American Heart Association. (2002, March 18). In Heart Failure, Beta-Blockers Boost Survival Advantage For Women. ScienceDaily. Retrieved July 22, 2014 from www.sciencedaily.com/releases/2002/03/020313075628.htm
American Heart Association. "In Heart Failure, Beta-Blockers Boost Survival Advantage For Women." ScienceDaily. www.sciencedaily.com/releases/2002/03/020313075628.htm (accessed July 22, 2014).

Share This




More Health & Medicine News

Tuesday, July 22, 2014

Featured Research

from universities, journals, and other organizations


Featured Videos

from AP, Reuters, AFP, and other news services

Gilead's $1000-a-Pill Drug Could Cure Hep C in HIV-Positive People

Gilead's $1000-a-Pill Drug Could Cure Hep C in HIV-Positive People

TheStreet (July 21, 2014) — New research shows Gilead Science's drug Sovaldi helps in curing hepatitis C in those who suffer from HIV. In a medical study, the combination of Gilead's Hep C drug with anti-viral drug Ribavirin cured 76% of HIV-positive patients suffering from the most common hepatitis C strain. Hepatitis C and related complications have been a top cause of death in HIV-positive patients. Typical medication used to treat the disease, including interferon proteins, tended to react badly with HIV drugs. However, Sovaldi's %1,000-a-pill price tag could limit the number of patients able to access the treatment. TheStreet's Keris Lahiff reports from New York. Video provided by TheStreet
Powered by NewsLook.com
$23.6 Billion Awarded To Widow In Smoking Lawsuit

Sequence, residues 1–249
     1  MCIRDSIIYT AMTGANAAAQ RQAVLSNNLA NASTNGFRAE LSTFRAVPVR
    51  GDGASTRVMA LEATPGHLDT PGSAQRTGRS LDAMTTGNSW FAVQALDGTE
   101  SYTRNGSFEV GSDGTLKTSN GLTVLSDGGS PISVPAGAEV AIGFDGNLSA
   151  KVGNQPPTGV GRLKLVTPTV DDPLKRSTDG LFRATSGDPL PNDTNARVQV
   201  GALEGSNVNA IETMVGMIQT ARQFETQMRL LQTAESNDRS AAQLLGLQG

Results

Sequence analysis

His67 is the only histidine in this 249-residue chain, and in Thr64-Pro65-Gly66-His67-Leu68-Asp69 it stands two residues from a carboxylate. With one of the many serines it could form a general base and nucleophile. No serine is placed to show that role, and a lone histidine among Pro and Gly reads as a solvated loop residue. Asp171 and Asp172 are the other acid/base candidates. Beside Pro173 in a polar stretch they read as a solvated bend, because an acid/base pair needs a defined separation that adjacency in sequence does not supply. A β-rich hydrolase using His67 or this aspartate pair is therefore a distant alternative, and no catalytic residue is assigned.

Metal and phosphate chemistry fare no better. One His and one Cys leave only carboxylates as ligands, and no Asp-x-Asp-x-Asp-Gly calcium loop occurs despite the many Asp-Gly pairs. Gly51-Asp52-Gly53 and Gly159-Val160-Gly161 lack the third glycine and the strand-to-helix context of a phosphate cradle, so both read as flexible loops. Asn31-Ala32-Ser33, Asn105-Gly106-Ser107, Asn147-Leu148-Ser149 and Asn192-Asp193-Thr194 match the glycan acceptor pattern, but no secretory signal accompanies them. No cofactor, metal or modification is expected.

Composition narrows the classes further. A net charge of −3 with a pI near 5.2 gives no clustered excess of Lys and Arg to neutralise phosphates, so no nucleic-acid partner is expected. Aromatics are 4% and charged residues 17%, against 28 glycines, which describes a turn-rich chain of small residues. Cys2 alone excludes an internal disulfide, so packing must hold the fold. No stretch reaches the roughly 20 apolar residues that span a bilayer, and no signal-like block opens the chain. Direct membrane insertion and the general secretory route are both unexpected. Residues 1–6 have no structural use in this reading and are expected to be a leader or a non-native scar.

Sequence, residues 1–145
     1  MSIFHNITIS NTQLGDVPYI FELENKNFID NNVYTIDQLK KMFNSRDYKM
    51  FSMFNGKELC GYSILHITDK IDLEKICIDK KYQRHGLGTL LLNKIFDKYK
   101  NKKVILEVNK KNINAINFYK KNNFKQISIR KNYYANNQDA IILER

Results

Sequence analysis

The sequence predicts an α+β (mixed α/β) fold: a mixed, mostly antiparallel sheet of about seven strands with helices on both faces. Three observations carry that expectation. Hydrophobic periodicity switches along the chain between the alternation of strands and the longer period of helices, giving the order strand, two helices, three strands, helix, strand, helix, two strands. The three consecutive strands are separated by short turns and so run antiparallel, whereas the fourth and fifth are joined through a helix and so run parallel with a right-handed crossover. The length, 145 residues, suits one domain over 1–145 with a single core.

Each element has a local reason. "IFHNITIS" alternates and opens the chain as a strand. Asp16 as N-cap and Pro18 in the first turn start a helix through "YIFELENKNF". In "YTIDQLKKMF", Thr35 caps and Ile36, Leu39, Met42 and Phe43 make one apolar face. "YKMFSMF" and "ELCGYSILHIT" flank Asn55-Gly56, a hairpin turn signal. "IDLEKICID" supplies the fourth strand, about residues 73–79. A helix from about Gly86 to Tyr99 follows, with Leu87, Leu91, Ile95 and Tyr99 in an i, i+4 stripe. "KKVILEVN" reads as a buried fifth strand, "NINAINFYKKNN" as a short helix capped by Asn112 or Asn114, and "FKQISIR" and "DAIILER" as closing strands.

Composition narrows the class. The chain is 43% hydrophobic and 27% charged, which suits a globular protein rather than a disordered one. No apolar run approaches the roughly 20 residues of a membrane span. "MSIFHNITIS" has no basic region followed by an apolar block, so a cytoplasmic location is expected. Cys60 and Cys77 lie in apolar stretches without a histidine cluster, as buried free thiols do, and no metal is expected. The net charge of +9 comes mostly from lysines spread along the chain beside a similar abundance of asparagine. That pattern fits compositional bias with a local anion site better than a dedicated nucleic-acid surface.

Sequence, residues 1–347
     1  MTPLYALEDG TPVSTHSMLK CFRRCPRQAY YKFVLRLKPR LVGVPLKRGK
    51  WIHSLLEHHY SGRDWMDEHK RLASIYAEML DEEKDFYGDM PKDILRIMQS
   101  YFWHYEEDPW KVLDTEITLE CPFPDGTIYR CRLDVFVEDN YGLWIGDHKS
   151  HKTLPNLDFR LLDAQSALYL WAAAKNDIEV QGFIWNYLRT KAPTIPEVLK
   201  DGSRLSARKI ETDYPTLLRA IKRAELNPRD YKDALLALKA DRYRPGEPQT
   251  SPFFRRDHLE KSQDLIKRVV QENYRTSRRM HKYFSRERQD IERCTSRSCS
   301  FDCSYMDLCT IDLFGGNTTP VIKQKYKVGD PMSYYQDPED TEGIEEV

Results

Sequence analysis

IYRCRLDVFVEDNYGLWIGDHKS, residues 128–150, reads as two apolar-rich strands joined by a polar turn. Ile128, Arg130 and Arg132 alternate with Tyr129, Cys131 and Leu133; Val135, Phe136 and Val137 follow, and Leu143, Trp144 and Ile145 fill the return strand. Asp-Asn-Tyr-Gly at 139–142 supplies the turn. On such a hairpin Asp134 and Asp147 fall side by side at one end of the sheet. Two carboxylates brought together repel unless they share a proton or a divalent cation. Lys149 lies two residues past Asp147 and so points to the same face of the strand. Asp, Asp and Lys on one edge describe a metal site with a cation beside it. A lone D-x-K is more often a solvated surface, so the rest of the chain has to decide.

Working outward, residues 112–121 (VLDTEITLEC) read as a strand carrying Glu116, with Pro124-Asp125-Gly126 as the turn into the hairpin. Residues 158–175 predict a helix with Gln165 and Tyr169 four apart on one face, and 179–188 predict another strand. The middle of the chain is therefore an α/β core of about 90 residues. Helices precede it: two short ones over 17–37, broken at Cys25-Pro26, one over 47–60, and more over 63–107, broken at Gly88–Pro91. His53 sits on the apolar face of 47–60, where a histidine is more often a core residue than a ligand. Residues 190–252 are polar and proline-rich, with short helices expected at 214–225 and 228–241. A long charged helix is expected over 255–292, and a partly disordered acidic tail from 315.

$23.6 Billion Awarded To Widow In Smoking Lawsuit

Newsy (July 20, 2014) — Cynthia Robinson claims R.J. Reynolds Tobacco Company hid the health and addiction risks of its products, leading to the death of her husband in 1996. Video provided by Newsy
Powered by NewsLook.com
Tooth Plaque Provides Insight Into Diets Of Ancient People

Tooth Plaque Provides Insight Into Diets Of Ancient People

Newsy (July 19, 2014) — Research on plaque from ancient teeth shows that our prehistoric ancestor's had a detailed understanding of plants long before developing agriculture. Video provided by Newsy
Powered by NewsLook.com
Contaminated Water Kills 3 Babies in South African Town

Contaminated Water Kills 3 Babies in South African Town

AFP (July 18, 2014) — Contaminated water in South Africa's northwestern town of Bloemhof kills three babies and hospitalises over 500 people. The incident highlights growing fears over water safety in South Africa. Duration: 02:22 Video provided by AFP
Powered by NewsLook.com

Search ScienceDaily

Number of stories in archives: 140,361

Find with keyword(s):
 
Enter a keyword or phrase to search ScienceDaily for related topics and research stories.

Save/Print:
Share:  

Breaking News:
from the past week

In Other News

... from NewsDaily.com

Science News

Health News

Environment News

Technology News



Save/Print:
Share:  

Free Subscriptions


Get the latest science news with ScienceDaily's free email newsletters, updated daily and weekly. Or view hourly updated newsfeeds in your RSS reader:

Get Social & Mobile


Keep up to date with the latest news from ScienceDaily via social networks and mobile apps:

Have Feedback?


Tell us what you think of ScienceDaily -- we welcome both positive and negative comments. Have any problems using the site? Questions?
Mobile iPhone Android Web
Follow Facebook Twitter Google+
Subscribe RSS Feeds Email Newsletters
Latest Headlines Health & Medicine Mind & Brain Space & Time Matter & Energy Computers & Math Plants & Animals Earth & Climate Fossils & Ruins